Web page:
I live in the solid evidence of what I have. For others, it might be comforting to have sour situations out of their hands and the blame be placed on fate or God. For me knowing that it is up to me to succeed or to fail; that’s where I find my ambition.

Maybe there are others like me who fear the rejection that society slings when they find out your opposing view. I admit, sharing that I don't believe in what gives the rest of humanity hope sends an awfully bleak message about myself. It hurts when people don't get it. But I don't get them either.

I gain a certain security from believing that there is nothing more than this. That the afterlife is just that, after life — no strife just rest.

Cover Image Credit: Unsplash

Related Content

Connect with a generation
of new voices.

We are students, thinkers, influencers, and communities sharing our ideas with the world. Join our platform to create and discover content that actually matters to you.

Learn more Start Creating

What We Can Take Away From Lent, Christian Or Not

Even if Jesus isn't a part of your life, the message is the same.

If you weren't raised in a Christian home, Lent is the season before Easter. It lasts for 40 days and starts with Ash Wednesday, where Christians of all denominations go to their churches and get marked with ash in the shape of a cross on their forehead.

When I was at mass this past Ash Wednesday, the priest described Lent in a way I hadn't thought of before. Lent is typically viewed as a solemn time. There is no joyful hallelujah, and we don't sing at the beginning or end of liturgies. The 40 days can sometimes feel like an eternity. But, last week my perspective was dramatically changed.

The priest invited us to enter into this Lenten Season with the perspective that we're all just working on it. Everyone has some struggle they want to overcome, or some mountain they need to climb, and Lent is the perfect time to do so. While the Christian tradition comes at this with the belief that Christ is the One who helps us conquer these struggles, I think this message of progress and continual struggle can be applied to everyone, regardless of faith.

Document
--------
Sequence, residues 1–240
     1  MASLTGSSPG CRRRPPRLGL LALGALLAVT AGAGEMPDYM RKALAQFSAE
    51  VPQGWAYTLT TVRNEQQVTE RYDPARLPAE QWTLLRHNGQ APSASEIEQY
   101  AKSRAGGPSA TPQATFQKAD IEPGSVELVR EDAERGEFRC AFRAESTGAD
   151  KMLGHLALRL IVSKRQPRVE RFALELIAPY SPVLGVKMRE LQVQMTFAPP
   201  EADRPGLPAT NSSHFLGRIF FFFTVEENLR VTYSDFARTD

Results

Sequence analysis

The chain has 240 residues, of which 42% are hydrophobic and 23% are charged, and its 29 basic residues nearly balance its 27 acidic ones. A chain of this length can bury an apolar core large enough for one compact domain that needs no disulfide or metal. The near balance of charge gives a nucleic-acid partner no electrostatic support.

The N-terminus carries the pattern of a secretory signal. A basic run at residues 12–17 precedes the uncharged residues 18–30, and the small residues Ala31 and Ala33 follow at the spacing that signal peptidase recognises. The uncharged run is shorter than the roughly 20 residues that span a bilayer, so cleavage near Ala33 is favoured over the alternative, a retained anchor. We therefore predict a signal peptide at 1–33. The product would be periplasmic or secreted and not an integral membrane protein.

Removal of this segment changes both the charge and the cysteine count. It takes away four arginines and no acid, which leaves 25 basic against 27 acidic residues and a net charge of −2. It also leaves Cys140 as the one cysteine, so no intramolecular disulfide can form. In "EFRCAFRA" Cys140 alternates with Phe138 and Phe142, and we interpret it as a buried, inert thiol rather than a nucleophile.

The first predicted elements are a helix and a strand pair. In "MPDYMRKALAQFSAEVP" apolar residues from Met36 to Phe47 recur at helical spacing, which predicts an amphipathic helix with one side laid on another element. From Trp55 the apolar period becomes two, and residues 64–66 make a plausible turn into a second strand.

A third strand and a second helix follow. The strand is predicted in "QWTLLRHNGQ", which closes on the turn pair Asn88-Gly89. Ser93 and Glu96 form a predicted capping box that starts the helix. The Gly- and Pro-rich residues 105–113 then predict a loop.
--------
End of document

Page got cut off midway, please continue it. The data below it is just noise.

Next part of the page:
Our society is so focused on keeping up appearances and only showing the highlights of our lives, it's easy to get lost in expectations. We look through our feeds on social media and see how great our friends look or how much fun they're having at school. If you're having a bad day and all you see is the filtered version of other people's lives, it's easy to feel like you're somehow not good enough.

I know when I'm having a bad day and all that pops up on my Instagram feed is pictures of my friends going out or looking amazing I feel like crap. I forget that other people have bad days too, they just don't post it for the world to see. This is an extremely isolating system, and we need to constantly remind ourselves that no one looks that great all the time. We filter our lives so no one sees the mountains we're climbing, no one sees what we're working on.

We want everyone to think we have it all together, all the time. But this simply isn't true, no one is perfect. Lent reminds us that this is okay. No one should feel like they need to be perfect every second of every day.

In the Gospels we hear about people who were falling apart, on the inside and out. Jesus didn't pass them over because they weren't perfect. He saw them for who they were and gave them the opportunity to become great. Even if Jesus isn't a part of your life, the message is the same. No matter what your struggles are, remember that we're all just doing our best in life, and we're all working on something.

Cover Image Credit: Life Teen

Related Content

Facebook Comments